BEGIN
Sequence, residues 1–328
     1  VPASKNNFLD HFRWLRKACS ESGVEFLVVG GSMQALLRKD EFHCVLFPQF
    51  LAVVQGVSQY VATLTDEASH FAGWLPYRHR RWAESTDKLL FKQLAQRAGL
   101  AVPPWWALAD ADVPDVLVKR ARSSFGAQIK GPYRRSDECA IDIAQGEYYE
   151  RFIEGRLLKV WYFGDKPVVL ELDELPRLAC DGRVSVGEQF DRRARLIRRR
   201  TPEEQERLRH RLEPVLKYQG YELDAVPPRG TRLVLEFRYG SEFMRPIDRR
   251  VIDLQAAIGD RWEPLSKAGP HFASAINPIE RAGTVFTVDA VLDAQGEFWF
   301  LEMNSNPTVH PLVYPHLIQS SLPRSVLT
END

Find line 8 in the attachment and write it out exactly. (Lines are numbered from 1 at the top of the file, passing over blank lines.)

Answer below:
   301  LEMNSNPTVH PLVYPHLIQS SLPRSVLT